pronoun \ˈhwe-thər, ˈwe-, (ˌ)(h)wə-\

Definition of WHETHER

archaic :  which one of the two
archaic :  whichever one of the two

Examples of WHETHER

  1. … we did not indeed know where it was, and so we might get a great deal, or a little, we did not know whether; … —Daniel Defoe, The Adventures of Captain Singleton, 1720

Origin of WHETHER

Middle English, from Old English hwæther, hwether; akin to Old High German hwedar which of two, Latin uter, Greek poteros, Old English hwā who — more at who
First Known Use: before 12th century

Rhymes with WHETHER


conjunction \ˈhwe-thər, ˈwe-, (ˌ)(h)wə-\

: if it is or was true that

: if it is or was better

—used to indicate choices or possibilities

Full Definition of WHETHER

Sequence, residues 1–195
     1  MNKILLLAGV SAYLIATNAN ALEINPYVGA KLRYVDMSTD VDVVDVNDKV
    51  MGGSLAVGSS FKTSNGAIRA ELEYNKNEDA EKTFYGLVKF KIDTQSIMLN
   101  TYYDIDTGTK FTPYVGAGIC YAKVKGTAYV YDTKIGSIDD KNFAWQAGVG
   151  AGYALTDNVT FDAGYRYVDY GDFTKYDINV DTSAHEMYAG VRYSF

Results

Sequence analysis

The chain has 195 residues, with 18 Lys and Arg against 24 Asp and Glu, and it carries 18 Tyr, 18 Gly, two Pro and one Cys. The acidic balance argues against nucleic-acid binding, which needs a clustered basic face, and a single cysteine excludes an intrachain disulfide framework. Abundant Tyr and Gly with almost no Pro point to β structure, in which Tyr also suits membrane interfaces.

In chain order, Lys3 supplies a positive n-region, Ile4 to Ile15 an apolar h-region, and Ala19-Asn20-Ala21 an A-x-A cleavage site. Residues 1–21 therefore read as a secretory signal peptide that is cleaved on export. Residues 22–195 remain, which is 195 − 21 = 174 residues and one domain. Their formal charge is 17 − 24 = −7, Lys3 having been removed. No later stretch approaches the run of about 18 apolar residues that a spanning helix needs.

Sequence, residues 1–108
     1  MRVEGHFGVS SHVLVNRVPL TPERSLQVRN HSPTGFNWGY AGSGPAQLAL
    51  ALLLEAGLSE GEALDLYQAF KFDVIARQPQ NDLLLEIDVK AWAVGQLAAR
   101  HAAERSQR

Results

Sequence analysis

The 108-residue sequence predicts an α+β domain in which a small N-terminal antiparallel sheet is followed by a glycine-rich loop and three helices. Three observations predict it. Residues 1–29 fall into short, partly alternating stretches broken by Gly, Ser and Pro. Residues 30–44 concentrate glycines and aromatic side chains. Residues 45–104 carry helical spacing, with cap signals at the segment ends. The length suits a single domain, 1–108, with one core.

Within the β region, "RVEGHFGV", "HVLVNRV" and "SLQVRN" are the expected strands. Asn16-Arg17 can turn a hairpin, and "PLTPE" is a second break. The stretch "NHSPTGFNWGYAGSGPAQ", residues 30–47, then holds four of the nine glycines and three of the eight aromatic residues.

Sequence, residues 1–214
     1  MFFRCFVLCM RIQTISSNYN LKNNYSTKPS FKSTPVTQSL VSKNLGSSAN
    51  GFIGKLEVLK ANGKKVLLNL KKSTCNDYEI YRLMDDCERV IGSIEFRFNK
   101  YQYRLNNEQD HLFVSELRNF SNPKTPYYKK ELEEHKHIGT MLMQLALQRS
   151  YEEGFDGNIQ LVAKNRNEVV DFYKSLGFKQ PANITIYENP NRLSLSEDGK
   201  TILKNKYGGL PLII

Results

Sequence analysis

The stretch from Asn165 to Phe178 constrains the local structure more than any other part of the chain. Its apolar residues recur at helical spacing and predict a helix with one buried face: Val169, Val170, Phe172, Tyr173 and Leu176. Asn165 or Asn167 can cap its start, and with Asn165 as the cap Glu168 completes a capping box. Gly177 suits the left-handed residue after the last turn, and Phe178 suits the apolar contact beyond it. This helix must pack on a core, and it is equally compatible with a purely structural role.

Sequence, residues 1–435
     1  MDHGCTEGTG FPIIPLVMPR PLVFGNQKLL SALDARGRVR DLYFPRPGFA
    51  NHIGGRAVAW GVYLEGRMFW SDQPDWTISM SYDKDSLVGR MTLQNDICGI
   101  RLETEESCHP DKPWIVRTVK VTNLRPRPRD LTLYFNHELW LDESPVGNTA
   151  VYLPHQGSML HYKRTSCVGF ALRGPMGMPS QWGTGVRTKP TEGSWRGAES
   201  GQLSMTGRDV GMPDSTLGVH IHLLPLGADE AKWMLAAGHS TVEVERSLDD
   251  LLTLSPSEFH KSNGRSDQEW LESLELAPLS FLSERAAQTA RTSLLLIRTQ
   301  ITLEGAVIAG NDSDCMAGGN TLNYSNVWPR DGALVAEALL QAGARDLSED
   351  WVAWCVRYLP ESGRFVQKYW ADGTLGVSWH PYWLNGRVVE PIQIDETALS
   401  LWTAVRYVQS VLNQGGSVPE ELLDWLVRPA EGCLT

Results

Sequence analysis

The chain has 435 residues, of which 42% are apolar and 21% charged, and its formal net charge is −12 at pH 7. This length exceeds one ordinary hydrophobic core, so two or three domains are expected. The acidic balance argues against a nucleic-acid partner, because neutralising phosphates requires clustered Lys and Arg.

—used as a function word usually with correlative or or with or whether to indicate (1) until the early 19th century a direct question involving alternatives; (2) an indirect question involving stated or implied alternatives <decide whether he should agree or raise objections> <wondered whether to stay>; (3) alternative conditions or possibilities <see me no more, whether he be dead or no — Shakespeare> <seated him next to her whether by accident or design>
whether or no or whether or not
:  in any case <they've only been married a very few weeks, whether or no — Thomas Hardy>

Examples of WHETHER

  1. I don't know whether they were invited.
  2. She was uncertain whether to go or stay.
  3. That supposes I would have the wisdom to decide what is in fact right and what is wrong, and the humility to consider whether any action I could take would make things better or worse. —P. D. James, The Private Patient, 2008

Origin of WHETHER

(see 1whether)
First Known Use: before 12th century

Rhymes with WHETHER


Next Word in the Dictionary: whetrock
Previous Word in the Dictionary: whet (noun)
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